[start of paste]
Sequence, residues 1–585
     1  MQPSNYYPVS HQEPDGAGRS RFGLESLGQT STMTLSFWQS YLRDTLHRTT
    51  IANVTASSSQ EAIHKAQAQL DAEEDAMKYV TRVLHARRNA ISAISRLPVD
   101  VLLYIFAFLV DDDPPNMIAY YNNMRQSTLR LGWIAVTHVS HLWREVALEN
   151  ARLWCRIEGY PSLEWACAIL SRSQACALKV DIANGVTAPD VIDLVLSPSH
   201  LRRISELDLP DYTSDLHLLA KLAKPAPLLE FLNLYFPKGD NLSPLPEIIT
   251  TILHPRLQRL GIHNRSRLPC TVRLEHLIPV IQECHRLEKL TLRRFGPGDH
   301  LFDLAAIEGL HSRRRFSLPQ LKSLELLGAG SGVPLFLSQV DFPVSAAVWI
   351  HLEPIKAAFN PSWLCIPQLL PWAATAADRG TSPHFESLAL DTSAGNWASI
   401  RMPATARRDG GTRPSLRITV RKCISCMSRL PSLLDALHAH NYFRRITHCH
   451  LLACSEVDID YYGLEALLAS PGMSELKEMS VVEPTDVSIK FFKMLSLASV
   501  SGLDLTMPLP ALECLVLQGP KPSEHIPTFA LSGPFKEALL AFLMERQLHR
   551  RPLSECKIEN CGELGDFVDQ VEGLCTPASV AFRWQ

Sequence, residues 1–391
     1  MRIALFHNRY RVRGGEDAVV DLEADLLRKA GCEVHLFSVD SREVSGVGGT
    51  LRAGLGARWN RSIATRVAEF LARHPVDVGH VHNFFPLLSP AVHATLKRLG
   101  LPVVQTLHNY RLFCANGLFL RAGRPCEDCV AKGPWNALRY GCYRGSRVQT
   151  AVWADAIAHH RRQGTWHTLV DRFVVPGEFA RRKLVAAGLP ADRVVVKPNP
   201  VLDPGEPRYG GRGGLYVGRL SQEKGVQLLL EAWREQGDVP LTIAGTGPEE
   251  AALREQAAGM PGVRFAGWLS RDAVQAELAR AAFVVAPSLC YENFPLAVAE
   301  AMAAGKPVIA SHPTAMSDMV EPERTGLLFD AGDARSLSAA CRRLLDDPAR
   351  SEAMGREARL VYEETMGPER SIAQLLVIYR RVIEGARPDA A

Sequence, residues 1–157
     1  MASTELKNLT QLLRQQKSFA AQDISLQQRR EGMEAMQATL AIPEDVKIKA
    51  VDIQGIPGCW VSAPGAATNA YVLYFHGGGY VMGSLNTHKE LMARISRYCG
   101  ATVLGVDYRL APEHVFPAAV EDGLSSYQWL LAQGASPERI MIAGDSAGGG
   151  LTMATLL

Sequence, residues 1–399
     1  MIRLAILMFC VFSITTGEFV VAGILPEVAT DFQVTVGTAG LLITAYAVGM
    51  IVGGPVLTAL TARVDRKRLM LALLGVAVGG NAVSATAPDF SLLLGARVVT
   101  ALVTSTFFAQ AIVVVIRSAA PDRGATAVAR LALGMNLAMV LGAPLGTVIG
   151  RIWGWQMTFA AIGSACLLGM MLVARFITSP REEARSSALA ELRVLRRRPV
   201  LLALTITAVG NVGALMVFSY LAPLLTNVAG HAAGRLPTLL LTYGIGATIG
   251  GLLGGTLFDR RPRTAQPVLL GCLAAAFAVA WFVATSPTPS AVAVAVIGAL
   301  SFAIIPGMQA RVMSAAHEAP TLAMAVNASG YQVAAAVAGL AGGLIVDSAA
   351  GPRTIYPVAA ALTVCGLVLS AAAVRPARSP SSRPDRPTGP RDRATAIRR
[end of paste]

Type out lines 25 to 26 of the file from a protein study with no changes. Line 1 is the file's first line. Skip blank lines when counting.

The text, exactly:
    51  VDIQGIPGCW VSAPGAATNA YVLYFHGGGY VMGSLNTHKE LMARISRYCG
   101  ATVLGVDYRL APEHVFPAAV EDGLSSYQWL LAQGASPERI MIAGDSAGGG